Balancing Patient and Payer Preferences in Medical Decision-Making
Applying maintenance models to medical decision-making in the health care industry can benefit patients as well as insurers.
ANN ARBOR, Mich.—Manufacturing companies traditionally use maintenance models to determine the actions needed to keep production equipment in good running order and to prevent costly system breakdowns. A researcher at the University of Michigan's Ross School of Business suggests a similar maintenance framework might be applied to medical decision-making in the health care industry.
Julie Simmons Ivy, assistant professor of operations and management science at the Ross School, has developed a multi-stage model that can be used by physicians, patients and insurers to determine cost-effective policies for monitoring and treating breast cancer.
Her model considers the uncertainties associated both with limited observation of the disease progression and with various treatment outcomes for lumpectomies and mastectomies. The model uses a dynamic efficient frontier to balance the patient's and payer's conflicting preferences on screening policies.
Today, breast cancer is the most common noncutaneous cancer among American women. In 2003, an estimated 211,300 new cases of invasive disease and 55,700 cases of in-situ disease (not metastasized) were reported, with 39,800 deaths. Mammography, which detects breast cancer at its earliest, most treatable stage, has been shown to significantly reduce mortality.
However, there is disagreement over when and how often to screen women who may or may not be prone to developing breast cancer, Ivy said. Additionally, the cost of annual mammograms must be weighed against the diminished quality of life endured by patients and the cost associated with medical care for a diseased patient borne by insurers, if breast cancer develops and spreads.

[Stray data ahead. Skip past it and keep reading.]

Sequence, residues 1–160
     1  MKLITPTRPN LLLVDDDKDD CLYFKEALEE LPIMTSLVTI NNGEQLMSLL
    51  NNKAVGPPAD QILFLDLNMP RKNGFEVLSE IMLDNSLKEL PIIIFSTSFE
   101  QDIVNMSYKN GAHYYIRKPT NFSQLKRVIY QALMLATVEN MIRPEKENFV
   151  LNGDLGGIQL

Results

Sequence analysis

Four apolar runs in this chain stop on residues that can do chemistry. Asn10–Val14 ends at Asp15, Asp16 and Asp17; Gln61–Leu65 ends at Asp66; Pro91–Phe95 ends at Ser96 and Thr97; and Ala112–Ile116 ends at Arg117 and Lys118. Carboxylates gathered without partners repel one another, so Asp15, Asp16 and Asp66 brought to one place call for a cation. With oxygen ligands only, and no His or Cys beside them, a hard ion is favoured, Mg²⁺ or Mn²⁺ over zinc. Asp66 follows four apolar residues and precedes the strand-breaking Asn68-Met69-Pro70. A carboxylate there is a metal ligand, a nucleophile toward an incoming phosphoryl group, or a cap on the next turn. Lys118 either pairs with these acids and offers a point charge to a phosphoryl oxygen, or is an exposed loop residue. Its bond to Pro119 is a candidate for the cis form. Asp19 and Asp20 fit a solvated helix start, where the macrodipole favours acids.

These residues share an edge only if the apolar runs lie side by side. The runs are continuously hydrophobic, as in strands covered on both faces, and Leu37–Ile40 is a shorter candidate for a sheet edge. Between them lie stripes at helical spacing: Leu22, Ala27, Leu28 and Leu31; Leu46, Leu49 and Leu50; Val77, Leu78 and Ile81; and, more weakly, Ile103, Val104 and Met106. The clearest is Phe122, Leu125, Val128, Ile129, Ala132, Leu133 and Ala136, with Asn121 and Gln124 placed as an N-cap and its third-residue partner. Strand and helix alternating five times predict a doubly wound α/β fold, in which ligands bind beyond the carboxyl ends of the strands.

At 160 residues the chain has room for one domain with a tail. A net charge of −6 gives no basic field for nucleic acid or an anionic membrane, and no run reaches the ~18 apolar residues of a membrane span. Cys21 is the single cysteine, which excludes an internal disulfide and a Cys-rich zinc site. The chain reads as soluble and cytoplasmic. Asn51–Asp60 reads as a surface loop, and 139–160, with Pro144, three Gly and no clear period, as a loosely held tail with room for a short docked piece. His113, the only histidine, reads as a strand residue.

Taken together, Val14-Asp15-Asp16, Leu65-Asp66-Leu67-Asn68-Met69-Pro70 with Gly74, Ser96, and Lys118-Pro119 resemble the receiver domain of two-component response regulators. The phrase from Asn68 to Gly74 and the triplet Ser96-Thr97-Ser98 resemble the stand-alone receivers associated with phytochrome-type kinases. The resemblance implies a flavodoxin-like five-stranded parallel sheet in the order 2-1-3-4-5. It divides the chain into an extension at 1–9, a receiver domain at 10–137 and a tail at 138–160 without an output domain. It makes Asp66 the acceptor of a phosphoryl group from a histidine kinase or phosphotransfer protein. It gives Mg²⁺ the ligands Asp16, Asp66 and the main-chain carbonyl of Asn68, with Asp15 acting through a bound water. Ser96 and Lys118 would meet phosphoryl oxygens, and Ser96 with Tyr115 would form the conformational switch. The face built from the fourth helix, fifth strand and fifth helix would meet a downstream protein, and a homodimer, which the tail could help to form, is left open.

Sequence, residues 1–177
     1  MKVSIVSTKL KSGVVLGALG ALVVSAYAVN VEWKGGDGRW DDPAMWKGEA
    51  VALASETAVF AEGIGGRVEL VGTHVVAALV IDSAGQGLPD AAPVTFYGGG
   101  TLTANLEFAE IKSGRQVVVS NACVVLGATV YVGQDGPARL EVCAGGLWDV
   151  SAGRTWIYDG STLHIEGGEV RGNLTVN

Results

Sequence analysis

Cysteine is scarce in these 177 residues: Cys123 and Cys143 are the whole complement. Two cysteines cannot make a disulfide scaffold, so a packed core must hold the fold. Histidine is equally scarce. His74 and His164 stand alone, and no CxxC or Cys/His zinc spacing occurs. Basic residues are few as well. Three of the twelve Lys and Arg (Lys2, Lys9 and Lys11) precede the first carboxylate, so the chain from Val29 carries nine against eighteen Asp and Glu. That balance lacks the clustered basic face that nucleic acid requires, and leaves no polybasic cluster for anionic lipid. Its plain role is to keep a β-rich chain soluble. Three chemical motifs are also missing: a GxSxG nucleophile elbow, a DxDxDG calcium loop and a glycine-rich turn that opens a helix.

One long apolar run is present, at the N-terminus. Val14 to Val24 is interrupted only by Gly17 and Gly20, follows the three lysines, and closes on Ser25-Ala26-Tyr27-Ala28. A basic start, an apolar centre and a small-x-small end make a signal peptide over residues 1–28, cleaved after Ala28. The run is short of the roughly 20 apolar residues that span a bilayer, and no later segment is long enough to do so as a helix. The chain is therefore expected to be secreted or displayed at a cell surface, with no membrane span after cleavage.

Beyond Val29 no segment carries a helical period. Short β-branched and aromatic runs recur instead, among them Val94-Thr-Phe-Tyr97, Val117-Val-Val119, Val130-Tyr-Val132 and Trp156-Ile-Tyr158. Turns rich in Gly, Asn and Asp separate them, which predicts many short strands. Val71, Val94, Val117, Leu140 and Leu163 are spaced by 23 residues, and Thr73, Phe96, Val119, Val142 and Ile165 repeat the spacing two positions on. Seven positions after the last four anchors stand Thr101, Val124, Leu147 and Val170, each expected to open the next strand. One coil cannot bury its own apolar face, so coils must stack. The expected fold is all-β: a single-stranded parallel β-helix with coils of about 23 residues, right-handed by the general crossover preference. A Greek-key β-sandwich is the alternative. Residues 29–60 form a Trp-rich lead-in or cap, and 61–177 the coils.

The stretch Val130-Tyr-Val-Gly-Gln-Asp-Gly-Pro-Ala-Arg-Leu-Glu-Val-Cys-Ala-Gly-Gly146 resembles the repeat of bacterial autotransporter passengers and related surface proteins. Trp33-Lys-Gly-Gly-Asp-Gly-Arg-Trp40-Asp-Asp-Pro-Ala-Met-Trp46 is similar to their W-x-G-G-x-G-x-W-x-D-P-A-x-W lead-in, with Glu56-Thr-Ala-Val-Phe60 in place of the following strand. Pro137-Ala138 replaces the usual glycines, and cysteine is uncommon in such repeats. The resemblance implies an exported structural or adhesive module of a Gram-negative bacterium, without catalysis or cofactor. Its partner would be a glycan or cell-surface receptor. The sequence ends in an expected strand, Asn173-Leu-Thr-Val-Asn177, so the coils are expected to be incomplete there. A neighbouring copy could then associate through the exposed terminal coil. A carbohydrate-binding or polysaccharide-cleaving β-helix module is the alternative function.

"Despite the current recommendations of the American Cancer Society, we may not be screening women at the right time—either too infrequently or too often," Ivy said. "Our model identifies decisions that minimize the total anticipated medical costs while maximizing the effectiveness of screening and treatment over the lifetime of the patient.
"This approach realistically portrays breast-cancer monitoring as a dynamic decision-making process and helps decision makers develop an optimal policy based on beliefs about a patient's perceived condition (e.g., the probability she has non-invasive cancer) rather than simply her age."
To illustrate how her model works, Ivy cites the example of a 30-year-old patient for whom it is possible to perform mammograms every year until she is 80. In this case, the cost-minimizing decision is to pay for a mammogram, unless there is a 50 percent or greater probability that the patient currently does not have breast cancer and no more than a 10 percent probability that she has in-situ breast cancer.
"Our cost-minimizing policies, which recommend screening for women under 40 when there is a belief the patient may have either in-situ or invasive breast cancer, result in savings of 35 percent to 87 percent," Ivy said. "Our conclusion differs from the commonly held belief that screening is never cost minimizing. On the contrary, there are costs of patient care attributable to the incidence of breast cancer and death from the disease. Our analysis suggests the current screening policy can be improved."
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